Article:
UV upcycling treatment could help polystyrene recyclers break even
The idea of upcycling plastic waste into even more valuable products is a meritorious one, but some forms of the material lend themselves to this process better than others. Polystyrene lays at the more problematic end of the spectrum, but a team of Virginia Tech researchers is hoping to change this with a novel method that turns it into a product of relatively high value.
Polystyrene is the main component of Styrofoam and is light, buoyant, water-resistant and rigid. This makes it a popular material for everything from packaging, to bean bag fillings, to interiors for fishing platforms, but its non-biodegradable nature means that like other plastics, disposing of it responsibly is a real challenge.
While it is possible to recycle polystyrene, the products that are left over are of such little value that it makes the process economically impractical on any kind of meaningful scale. Could this process be refined so that it not just helps recycling centers break even, but produces something that is worth even more than what they started with?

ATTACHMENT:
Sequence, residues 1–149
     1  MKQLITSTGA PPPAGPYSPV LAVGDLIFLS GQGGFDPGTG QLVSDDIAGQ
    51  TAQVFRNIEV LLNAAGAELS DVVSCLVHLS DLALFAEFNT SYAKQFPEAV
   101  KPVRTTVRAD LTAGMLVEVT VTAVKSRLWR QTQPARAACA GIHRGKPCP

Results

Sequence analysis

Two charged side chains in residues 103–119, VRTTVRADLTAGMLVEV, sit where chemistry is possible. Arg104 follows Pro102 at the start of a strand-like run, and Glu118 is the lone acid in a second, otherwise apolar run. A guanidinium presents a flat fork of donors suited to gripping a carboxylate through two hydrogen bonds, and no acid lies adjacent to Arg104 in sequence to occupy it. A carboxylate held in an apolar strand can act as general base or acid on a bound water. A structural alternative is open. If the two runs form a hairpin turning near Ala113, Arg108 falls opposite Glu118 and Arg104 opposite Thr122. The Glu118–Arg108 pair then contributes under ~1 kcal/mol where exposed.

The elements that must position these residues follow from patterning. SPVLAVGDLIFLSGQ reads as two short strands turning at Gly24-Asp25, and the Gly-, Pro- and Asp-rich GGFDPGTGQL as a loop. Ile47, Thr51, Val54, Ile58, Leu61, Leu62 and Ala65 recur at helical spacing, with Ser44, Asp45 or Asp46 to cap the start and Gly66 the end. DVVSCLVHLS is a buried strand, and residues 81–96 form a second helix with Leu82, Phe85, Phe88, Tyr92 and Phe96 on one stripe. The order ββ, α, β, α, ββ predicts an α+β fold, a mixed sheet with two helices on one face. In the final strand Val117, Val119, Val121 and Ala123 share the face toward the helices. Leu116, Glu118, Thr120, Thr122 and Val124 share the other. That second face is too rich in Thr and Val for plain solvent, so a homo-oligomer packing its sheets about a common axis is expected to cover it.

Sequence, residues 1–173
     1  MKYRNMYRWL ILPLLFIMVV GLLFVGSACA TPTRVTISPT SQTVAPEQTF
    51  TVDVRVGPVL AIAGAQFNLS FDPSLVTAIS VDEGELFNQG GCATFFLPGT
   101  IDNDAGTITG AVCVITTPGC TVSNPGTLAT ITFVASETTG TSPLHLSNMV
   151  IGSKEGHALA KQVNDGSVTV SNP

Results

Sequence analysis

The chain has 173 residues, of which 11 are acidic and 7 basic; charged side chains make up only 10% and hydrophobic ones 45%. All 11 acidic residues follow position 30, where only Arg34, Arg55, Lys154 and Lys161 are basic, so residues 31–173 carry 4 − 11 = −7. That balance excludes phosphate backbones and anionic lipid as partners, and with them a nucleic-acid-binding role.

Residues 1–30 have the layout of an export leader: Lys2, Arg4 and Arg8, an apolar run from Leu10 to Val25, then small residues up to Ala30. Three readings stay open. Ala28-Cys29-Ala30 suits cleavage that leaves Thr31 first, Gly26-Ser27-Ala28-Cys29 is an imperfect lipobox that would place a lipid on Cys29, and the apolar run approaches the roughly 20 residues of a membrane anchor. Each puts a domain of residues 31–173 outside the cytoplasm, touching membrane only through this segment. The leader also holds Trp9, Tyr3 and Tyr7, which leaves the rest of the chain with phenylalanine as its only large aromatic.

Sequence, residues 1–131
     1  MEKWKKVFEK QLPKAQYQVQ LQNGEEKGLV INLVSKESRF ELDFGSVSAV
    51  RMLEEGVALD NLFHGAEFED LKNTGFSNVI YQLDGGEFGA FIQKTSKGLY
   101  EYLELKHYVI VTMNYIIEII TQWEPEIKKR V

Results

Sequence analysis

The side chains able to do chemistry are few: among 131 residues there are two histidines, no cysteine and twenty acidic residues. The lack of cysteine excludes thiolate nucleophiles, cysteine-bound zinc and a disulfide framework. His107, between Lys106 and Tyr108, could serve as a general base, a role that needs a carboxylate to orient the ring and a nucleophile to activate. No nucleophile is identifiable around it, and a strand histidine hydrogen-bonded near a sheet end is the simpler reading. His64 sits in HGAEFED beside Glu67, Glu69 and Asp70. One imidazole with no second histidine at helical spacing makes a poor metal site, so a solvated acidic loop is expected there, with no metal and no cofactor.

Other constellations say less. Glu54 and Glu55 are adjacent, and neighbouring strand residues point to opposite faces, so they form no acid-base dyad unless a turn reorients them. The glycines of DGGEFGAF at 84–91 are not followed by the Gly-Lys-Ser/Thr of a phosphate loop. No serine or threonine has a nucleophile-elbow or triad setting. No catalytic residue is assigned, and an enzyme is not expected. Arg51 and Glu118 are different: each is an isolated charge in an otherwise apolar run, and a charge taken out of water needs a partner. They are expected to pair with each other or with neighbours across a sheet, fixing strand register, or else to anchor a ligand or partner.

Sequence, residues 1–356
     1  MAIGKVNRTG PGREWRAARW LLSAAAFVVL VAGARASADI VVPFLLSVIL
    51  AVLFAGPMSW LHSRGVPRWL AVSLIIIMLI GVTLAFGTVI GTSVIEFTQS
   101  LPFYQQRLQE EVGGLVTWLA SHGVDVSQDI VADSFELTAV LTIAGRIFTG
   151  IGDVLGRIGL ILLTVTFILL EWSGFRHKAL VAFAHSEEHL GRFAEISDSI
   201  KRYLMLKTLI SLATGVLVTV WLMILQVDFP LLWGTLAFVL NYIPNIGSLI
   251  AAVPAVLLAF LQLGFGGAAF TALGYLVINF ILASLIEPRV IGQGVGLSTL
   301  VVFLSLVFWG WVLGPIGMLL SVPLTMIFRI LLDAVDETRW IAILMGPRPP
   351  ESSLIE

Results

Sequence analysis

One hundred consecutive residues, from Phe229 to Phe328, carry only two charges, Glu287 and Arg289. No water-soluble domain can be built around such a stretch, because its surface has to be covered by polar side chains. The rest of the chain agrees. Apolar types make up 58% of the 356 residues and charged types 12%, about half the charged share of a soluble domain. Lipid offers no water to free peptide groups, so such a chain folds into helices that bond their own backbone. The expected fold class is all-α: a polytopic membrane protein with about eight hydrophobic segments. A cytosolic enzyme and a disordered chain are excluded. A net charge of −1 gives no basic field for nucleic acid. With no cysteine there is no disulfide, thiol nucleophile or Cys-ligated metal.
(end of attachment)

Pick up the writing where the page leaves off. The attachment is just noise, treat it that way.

Led by associate professor of chemistry at Virginia Tech Guoliang Liu, the Virginia Tech team developed a new, more fruitful method of polystyrene recycling. The technique starts by subjecting the material to UV light and then exposing it to aluminum chloride, which acts as a low-cost catalyst. This process creates what's known as diphenylmethane, or DPM, an organic compound used in drug development, cosmetics and plastics manufacturing.
DPM has a market price that is 10 times higher than the products that can be currently made from recycled polystyrene. The chemists teamed up with business experts to run the numbers on how this could impact a future recycling center, and concluded that the high value of DPM could indeed make the collection and processing of polystyrene a viable undertaking.
"The low-value-input and high-value-output approach is thus substantially more sustainable and economically viable than conventional thermal processes, which operate at high-temperature, high-pressure conditions and use precious-metal catalysts, but produce low-value oligomers, monomers, and common aromatics," the scientists write in their paper.
The research was published in the journal Proceedings of the National Academy of Sciences.
Source: Virginia Tech